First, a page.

Amuru — More than 200 currency traders at Elegu-Nimule border have reportedly quit the business following sharp depreciation of the South Sudanese Pounds (SSP) against the Uganda Shilling and US dollar.
Last Thursday, the SSP was trading as low as at Shs23 down from Shs650 in 2013, whereas one US dollar was trading at 16,000 SSP.
It is estimated that the beginning of the year, more than 300 people were trading in currency at Elegu but less than 100 have 'survived' the risky trade.
While critics say the economy of South Sudan has now "technically collapsed" and that no measures can rescue it, traders are calling for government intervention.
"The economy is now biting, people are suffering, prices of commodities have tripled. It's only those in authority who can survive the current economic situation. Everyone in villages is crying out for help," said Lojur Molu, a concerned South Sudanese.
Government officials in Juba, who earn about 1,500 SSP, cannot afford to feed their families and have opted to take their children and wives to refugee camps in Uganda, according to a senior Uganda police officer.
"In 2013, if a government worker was earning an equivalent of Shs700,000 as a salary per month, he would now earn only Shs2,000 if he continues to earn at the same rate," the source told this newspaper last week, suggesting the crisis is compounded by the shortage of dollar.
"The government in Juba spent all its US dollars in the conflict," the police officer said.
According to Investopedia, currency fluctuations are a natural outcome of the floating exchange rate system that is the norm for most major economies.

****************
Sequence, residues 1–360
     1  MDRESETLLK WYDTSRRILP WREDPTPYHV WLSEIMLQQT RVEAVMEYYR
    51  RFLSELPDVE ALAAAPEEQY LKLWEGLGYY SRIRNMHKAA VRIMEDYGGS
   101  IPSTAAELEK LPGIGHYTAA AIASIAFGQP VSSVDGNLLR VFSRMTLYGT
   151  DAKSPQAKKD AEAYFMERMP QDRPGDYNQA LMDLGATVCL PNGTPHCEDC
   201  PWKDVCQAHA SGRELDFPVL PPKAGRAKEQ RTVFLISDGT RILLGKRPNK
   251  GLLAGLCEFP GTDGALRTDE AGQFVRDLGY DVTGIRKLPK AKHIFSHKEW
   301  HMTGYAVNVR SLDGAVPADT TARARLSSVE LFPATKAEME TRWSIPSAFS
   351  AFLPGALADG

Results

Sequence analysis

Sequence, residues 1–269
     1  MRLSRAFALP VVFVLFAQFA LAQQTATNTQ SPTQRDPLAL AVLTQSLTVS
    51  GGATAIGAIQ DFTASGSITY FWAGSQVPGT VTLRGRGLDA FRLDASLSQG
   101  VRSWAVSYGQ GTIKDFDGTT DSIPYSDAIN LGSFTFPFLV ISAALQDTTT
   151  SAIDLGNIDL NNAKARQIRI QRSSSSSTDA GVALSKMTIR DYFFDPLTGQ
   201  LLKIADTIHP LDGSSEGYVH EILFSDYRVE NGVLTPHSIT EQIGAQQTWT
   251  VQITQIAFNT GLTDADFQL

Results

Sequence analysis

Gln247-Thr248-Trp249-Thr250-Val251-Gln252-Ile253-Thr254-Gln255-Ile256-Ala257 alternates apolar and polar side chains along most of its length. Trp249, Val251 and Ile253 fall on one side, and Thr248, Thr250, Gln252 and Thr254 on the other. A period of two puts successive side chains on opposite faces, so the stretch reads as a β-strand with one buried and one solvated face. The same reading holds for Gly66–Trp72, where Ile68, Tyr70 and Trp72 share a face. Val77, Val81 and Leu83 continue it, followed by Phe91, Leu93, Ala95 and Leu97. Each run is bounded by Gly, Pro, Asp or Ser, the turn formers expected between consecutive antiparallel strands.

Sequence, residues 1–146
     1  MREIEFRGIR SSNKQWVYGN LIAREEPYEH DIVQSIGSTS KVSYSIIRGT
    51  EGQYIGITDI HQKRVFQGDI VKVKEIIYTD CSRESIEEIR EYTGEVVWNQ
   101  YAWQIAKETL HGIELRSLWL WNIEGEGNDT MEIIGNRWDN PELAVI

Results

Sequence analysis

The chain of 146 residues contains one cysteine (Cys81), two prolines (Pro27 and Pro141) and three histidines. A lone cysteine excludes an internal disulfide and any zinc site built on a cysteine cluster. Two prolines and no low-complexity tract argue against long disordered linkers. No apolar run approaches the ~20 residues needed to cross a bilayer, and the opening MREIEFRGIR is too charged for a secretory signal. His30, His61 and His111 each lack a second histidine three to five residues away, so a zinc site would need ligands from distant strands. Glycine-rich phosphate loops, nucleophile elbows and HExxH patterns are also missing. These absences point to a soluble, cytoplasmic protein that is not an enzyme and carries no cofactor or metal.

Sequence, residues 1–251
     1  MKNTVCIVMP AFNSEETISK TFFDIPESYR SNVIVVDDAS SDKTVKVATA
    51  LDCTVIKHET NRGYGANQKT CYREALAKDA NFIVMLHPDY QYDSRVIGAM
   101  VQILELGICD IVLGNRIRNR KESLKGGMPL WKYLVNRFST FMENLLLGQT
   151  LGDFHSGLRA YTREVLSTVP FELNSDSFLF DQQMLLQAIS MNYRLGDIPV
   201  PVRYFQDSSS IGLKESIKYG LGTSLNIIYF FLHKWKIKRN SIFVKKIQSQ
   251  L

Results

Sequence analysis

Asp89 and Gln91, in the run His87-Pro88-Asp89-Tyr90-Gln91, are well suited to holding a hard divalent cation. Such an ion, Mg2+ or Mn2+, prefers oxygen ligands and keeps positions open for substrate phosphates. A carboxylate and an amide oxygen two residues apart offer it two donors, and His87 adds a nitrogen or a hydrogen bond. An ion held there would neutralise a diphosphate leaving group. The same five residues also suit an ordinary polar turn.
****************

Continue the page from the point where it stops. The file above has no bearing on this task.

The exchange rate of one currency versus the other is influenced by numerous fundamental and technical factors. These; include relative supply and demand of the two currencies, economic performance, outlook for inflation, interest rate differentials, capital flows, technical support and resistance levels, among others.
Mr Simon Izakare, a currency trader, said the unstable currency has affected him so much.
"You sell at a cheaper price compared to what you bought at; I bought this one at Shs23 per one pound but I may end up selling at Shs20. That's a loss of three Shillings per one SSP," he said.
"It reduces your working capital; it reduces income so that means you will be running business at a loss," he added.
According to Mr Izakare, many traders have started selling clothes and general merchandise as a survival mechanism.
Traders have attributed the falling SSP to the instability in South Sudan.
War broke out in the neighbouring country in December 2013. Much as there have numerous ceasefire agreements, instability has persisted.